Blue Cross and Blue Shield of Ohio announced a turnaround plan last week, only to learn that a court had approved its termination from the national Blues system.
The Cleveland-based insurer promptly appealed the loss of its Blues licenses to the full 6th U.S. Court of Appeals in Cincinnati.
The insurer said it would work with the Blue Cross and Blue Shield Association to retain the Blues name and trademarks, and state agencies reportedly were considering backing up the plan. But the association wouldn't back down.
"They're not getting the marks back," association spokeswoman Iris Shaffer said. "We hope the Cleveland company will work with us, but that's on a disconnect."
National Blues President and Chief Executive Officer Patrick Hays said the court's decision "represents a step forward for the Blue Cross and Blue Shield Association and for the 68 million Americans who rely on the Blues brand for unsurpassed quality, service and value."
The Cleveland plan claimed the national association based the termination on the insurer's agreement to transfer assets to Columbia/HCA Healthcare Corp. That deal was called off (March 24, p. 2).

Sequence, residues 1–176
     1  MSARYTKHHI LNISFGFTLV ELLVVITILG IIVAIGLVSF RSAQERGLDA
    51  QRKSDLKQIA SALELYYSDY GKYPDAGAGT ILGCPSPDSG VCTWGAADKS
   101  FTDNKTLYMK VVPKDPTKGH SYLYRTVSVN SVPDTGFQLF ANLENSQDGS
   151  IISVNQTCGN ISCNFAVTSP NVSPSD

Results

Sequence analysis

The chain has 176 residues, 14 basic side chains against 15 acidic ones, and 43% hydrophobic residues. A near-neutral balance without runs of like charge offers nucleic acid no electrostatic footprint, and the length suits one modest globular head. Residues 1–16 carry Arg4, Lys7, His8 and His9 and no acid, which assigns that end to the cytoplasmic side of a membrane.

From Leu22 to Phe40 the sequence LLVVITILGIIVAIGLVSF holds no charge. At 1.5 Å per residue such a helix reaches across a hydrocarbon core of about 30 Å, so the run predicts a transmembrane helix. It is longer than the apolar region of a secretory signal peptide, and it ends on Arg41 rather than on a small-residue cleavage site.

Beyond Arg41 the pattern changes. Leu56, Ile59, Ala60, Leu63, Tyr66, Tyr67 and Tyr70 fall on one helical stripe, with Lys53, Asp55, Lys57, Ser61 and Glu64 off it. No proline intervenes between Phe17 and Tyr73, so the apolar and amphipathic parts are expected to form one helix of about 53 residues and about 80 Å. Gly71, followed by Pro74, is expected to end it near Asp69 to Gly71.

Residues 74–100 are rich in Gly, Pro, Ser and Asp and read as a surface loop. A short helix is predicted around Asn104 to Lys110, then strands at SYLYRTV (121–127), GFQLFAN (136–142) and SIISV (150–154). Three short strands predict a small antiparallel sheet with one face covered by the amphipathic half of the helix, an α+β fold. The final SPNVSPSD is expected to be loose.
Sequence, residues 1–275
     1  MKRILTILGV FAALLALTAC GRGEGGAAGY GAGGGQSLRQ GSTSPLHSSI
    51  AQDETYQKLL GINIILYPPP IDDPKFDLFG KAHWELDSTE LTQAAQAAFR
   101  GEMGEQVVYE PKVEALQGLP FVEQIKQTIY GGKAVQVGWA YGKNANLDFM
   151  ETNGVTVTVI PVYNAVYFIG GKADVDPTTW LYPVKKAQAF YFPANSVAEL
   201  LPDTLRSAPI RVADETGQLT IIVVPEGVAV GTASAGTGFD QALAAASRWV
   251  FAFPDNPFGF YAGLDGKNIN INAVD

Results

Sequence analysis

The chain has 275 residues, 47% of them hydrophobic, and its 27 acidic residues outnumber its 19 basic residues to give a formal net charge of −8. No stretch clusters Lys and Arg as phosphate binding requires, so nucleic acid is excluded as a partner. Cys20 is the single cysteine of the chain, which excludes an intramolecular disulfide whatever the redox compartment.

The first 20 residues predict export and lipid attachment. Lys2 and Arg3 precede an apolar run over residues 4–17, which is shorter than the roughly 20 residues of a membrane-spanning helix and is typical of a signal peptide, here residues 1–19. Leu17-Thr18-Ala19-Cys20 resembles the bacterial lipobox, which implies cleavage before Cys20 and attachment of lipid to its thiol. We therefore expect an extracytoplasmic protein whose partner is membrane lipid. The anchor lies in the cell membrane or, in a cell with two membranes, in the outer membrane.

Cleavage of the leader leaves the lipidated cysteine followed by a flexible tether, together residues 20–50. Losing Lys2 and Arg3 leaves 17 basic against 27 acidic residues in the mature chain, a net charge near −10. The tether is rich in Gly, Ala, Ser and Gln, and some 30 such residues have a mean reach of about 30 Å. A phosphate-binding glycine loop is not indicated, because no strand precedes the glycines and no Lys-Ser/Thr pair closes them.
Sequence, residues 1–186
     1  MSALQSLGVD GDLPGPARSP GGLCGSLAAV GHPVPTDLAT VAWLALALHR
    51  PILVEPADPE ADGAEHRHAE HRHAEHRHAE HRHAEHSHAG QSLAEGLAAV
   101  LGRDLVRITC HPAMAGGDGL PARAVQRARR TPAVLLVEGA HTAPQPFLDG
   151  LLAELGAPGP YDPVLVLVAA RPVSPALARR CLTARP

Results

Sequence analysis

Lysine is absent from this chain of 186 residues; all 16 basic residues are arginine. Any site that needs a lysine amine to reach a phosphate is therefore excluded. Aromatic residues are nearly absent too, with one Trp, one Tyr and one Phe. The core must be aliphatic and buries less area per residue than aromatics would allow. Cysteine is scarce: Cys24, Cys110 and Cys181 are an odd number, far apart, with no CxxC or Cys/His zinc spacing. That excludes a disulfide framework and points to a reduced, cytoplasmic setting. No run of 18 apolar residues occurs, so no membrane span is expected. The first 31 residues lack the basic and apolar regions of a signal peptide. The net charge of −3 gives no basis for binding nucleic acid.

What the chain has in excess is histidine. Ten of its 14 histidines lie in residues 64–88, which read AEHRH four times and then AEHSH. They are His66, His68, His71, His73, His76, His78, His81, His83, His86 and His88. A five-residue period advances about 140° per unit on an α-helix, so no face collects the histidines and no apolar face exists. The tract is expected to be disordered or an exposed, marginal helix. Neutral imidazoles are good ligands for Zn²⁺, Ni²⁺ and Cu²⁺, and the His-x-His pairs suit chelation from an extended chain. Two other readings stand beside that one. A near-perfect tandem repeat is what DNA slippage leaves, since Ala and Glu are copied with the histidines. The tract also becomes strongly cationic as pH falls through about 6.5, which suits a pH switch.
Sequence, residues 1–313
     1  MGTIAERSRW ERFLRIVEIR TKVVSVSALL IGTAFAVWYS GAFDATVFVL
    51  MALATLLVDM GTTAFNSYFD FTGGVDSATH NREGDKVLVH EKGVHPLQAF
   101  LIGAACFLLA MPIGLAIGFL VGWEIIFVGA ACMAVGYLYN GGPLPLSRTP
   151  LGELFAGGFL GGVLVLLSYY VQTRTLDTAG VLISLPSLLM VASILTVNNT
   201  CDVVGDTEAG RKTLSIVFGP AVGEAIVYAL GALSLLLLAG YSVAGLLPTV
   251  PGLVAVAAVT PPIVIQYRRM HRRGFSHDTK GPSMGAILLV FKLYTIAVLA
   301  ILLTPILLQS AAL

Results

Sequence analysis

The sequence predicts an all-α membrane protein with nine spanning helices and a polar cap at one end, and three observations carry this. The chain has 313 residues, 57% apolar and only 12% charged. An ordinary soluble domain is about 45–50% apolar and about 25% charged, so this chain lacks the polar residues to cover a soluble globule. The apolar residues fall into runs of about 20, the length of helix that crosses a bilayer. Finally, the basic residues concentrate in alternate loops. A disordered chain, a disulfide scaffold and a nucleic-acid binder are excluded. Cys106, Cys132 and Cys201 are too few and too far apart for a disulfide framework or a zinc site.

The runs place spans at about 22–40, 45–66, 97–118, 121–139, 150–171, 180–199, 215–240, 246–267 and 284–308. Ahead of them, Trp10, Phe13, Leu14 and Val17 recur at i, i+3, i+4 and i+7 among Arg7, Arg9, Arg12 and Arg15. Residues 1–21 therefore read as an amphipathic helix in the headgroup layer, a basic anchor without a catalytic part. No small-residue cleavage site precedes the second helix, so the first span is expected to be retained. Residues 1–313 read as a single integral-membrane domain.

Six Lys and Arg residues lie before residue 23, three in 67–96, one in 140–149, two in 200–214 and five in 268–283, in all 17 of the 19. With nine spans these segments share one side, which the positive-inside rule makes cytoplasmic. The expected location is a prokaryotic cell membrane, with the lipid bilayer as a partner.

But a three-judge panel of the 6th Circuit disagreed last week. It upheld a ruling that a trial would probably find that the plan's licenses terminated in September 1996 as a result of a lawsuit filed by Ohio Attorney General Betty Montgomery. The panel lifted a 4-month-old stay against the termination.
The association didn't say when it would start disconnecting the plan. Some Blues business would transfer to Anthem Blue Cross and Blue Shield, which has a regional headquarters in Cincinnati.
The insurer's decision to appeal was a switch from earlier in the week, when Kent Clapp, acting chairman, president and CEO, said the plan would "resolve our legal claims and stop fighting."
Clapp described measures to restore the plan to profitability after a $95 million loss in 1996, much of which was attributed to legal bills and other costs of the failed Columbia deal.
The plan said it will save money by cutting capital and administrative expenses, negotiating risk-sharing arrangements and lower rates with providers, and deactivating a managed-care subsidiary, the Northeast Ohio Community Health Plan.